Islanders are lucky because they have a weed habitat—saltwater shoreline—that inlanders don’t, but no matter, we all have plentiful weedy places on which to graze. Like mainly our gardens. Well, maybe you don’t have a weedy garden but, Lord help me, I do.
As luck would have it, the most plentiful weeds turn out to be the most useful in the kitchen, and I’m not even talking about dandelions which you have to eat early on before they blossom; these others obligingly sprout fresh all summer long. Charming.
First and favorite is lamb’s quarters. The nutrition information on this one is lots of calcium, protein and vitamins A, C, and K. Like a fair number of our weeds, especially those we find in gardens or farmland, this one was a cultivated plant in the Old World, and brought here to New England by settlers.
I go out and pick the tender green tops before they bloom, eat them raw in salad, or, preferably, mix them roughly half and half with kale or spinach, blanch or steam them just enough to wilt them, then chop them coarsely and stir fry them with lots of onions, shallots and garlic. So good.
Then there is wood sorrel. I remember chewing on these clover-like leaves when I was a little kid—I liked their sourness and it was a little thrilling eating something that grew wild.
Turns out that wood sorrel mixed with domestic sorrel makes a spectacularly snappy sorrel soup, perfect for hot weather eating. You could probably make the soup with only wild sorrel, but I grow both. I pick the leaves off the sorrels, and add them to sautéed and softened aromatics like onions, celery, garlic and carrots. Then I can add vegetable or chicken broth, and cook them a little while before pureeing them. Salt and pepper to taste, and sample it to see if it is snappy enough. If not, go back outside for another hit of weed, so to speak. You can add cream or sour cream to the soup when you serve it, or thicken it with a little mashed potato.
Chickweed is one of the tastiest wild edibles I’ve encountered. Where so many weeds mostly taste “green,” chickweed’s distinctive character is perfect for use raw in salad. Chickweed plants itself thickly, and of all the weeds, these are most tedious to pick because they are so small. If you can either thin it somewhat or find the plants that are not crowded, you’ll find lovely large leaves as big as a fingernail, best gathered before the plant blooms. Or pick the end cluster of small ones. When they come straight from the garden, I don’t bother to wash them, which saves a real pain in the neck.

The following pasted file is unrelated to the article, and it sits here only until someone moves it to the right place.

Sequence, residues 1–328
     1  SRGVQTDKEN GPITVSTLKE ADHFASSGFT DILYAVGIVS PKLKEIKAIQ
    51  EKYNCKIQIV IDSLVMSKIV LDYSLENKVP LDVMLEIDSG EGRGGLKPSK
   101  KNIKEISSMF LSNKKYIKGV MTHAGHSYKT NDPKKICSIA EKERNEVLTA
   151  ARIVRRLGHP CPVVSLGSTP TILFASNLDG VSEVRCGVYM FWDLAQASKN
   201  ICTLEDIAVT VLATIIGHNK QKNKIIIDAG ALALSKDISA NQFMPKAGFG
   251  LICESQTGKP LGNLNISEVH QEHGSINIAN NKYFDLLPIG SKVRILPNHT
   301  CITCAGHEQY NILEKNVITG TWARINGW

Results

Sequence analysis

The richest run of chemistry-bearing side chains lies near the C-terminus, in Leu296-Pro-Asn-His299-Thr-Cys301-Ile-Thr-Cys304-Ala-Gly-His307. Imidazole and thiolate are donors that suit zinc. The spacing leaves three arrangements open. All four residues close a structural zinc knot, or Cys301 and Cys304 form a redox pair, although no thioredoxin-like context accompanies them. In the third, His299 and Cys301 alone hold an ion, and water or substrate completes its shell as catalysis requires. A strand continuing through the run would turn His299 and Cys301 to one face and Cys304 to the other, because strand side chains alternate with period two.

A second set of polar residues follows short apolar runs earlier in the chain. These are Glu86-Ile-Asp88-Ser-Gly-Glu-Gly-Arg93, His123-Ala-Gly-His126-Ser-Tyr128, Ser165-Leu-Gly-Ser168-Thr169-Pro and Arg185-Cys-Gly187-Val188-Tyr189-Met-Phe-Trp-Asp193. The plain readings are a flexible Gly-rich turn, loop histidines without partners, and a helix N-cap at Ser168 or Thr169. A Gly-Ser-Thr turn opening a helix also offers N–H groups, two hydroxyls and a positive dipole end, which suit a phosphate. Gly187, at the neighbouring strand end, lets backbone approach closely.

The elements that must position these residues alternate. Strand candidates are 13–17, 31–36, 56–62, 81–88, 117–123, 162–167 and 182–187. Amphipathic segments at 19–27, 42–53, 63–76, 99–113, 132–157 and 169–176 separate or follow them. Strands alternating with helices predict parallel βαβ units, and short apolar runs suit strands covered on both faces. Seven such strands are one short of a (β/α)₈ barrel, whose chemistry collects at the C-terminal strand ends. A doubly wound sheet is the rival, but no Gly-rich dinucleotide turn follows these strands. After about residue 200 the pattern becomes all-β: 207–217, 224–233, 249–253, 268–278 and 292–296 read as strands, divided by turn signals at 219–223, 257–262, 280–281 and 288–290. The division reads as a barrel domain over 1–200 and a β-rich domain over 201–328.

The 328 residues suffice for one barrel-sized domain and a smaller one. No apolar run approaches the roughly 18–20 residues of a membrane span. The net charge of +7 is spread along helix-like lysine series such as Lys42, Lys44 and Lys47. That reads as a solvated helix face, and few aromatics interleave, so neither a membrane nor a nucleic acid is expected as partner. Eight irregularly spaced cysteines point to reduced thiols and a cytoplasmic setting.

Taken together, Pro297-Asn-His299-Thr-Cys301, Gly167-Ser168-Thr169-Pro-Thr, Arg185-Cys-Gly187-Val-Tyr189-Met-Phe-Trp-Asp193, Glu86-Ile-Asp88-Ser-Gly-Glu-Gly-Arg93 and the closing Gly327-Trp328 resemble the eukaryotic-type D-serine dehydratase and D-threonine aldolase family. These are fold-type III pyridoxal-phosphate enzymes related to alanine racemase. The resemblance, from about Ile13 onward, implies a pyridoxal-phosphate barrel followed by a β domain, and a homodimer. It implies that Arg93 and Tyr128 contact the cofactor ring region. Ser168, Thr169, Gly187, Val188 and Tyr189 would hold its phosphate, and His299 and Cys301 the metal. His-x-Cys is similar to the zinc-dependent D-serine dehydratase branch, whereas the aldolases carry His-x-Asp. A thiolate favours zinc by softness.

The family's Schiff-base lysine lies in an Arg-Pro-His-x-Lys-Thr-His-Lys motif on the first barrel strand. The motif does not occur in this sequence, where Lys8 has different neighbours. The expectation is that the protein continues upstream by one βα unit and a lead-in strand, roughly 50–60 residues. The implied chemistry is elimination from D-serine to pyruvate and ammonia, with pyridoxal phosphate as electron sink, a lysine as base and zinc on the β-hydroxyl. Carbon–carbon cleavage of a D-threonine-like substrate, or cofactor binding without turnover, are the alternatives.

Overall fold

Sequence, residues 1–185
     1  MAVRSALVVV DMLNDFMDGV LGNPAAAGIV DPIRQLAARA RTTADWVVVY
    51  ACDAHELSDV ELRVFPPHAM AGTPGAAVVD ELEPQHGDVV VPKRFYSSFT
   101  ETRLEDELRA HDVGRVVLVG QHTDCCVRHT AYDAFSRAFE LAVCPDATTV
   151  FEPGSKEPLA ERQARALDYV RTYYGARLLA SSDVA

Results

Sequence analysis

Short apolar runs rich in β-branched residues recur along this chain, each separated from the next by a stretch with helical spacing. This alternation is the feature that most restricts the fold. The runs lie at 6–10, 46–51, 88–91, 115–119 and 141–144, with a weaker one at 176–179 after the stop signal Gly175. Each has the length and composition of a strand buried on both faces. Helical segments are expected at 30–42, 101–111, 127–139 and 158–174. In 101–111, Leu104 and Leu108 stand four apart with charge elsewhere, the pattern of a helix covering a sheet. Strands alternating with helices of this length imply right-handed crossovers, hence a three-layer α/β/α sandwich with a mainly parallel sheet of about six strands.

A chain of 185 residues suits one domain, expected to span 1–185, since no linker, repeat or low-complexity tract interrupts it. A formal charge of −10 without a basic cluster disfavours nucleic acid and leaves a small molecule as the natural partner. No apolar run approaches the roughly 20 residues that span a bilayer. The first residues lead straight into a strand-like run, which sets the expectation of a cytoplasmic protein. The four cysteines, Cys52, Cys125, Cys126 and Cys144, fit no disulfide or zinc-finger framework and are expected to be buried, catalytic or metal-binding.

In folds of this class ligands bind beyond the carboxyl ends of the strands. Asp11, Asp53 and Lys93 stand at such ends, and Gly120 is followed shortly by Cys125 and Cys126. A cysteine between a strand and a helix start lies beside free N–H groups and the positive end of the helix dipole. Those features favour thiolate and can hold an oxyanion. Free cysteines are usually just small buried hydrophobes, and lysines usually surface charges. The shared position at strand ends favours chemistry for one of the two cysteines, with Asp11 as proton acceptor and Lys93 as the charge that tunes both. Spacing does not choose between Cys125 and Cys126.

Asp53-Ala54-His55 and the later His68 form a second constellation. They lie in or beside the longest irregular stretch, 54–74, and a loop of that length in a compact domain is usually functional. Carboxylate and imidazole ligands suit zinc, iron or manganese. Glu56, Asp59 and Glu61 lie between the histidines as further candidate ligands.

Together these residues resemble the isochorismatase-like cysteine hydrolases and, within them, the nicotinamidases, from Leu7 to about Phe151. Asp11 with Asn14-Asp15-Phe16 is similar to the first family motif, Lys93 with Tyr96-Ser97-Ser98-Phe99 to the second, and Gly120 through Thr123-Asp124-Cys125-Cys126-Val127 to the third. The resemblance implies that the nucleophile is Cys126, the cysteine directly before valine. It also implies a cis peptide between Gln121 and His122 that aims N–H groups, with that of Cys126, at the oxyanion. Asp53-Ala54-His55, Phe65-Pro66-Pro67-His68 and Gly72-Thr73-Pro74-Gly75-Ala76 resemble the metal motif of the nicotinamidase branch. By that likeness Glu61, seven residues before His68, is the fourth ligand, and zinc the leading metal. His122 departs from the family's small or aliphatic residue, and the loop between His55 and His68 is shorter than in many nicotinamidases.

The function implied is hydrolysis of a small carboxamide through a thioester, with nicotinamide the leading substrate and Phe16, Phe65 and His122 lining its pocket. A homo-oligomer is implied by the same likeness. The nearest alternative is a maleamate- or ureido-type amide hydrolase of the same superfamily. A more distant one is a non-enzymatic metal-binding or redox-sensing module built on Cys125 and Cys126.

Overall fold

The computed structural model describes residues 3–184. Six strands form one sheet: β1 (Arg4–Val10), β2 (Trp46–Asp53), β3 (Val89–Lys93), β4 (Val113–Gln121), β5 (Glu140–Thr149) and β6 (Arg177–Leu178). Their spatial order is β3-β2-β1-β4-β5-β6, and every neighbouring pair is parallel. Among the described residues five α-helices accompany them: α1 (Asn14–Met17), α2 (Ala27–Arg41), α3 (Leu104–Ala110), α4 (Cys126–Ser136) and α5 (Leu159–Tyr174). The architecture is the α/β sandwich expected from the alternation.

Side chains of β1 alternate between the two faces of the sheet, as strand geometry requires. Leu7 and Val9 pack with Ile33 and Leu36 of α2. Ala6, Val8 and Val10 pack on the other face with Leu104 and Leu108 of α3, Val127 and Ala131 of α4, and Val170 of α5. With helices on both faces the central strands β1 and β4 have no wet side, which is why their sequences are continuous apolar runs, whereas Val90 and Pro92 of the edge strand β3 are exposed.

Then there is purslane, whose main virtue is its abundance. Whole sections of my garden are absolutely paved in purslane. I still haven’t quite achieved the tastiest way of preparing it. It is edible raw in salad, and it is supposed to be good pickled. The succulent leaves apparently contain a high dose of omega three fatty acids and they are cheaper than walnuts.
I have noticed that they are susceptible to leaf miners and unless you want a little extra protein, you might want to compost the infested purslane and go for the one with no bugs. There is a gorgeous domestic purslane, Golden Purslane, which you can acquire and which produces large, chartreuse leaves. It is fun to mix the wild and domestic in a salad.
Along the shore in the intertidal zone, you can find sea pickle, a light gray green succulent that has a crunchy, salty quality perfect for raw eating in salad. Old timers told me about it long ago, apparently gathered and literally pickled in vinegar for extended use after it bloomed. I love the stuff, partly because I get to wander around on a beach for a while to acquire it, and also because I love salt.
My experience with weeds and other wild stuff, like spruce tips which make a spectacular sorbet, have impressed me with their cheerful volunteerism. They show up in great numbers, work hard and don’t ask for anything in return except to be left alone. Unlike the spoiled brats of the vegetable world, tomatoes, which require coddling, and fawning attention all summer long, and deign at last to produce the precious fruits that we all clamor for before they collapse at the first breath of cold, my garden weeds plant themselves, sort out their place in the garden by natural competition, attract and supply food for pollinators, and act as a ground cover and living mulch.
God bless the weeds.
Sandy Oliver is a food historian who lives, writes and cooks on Islesboro.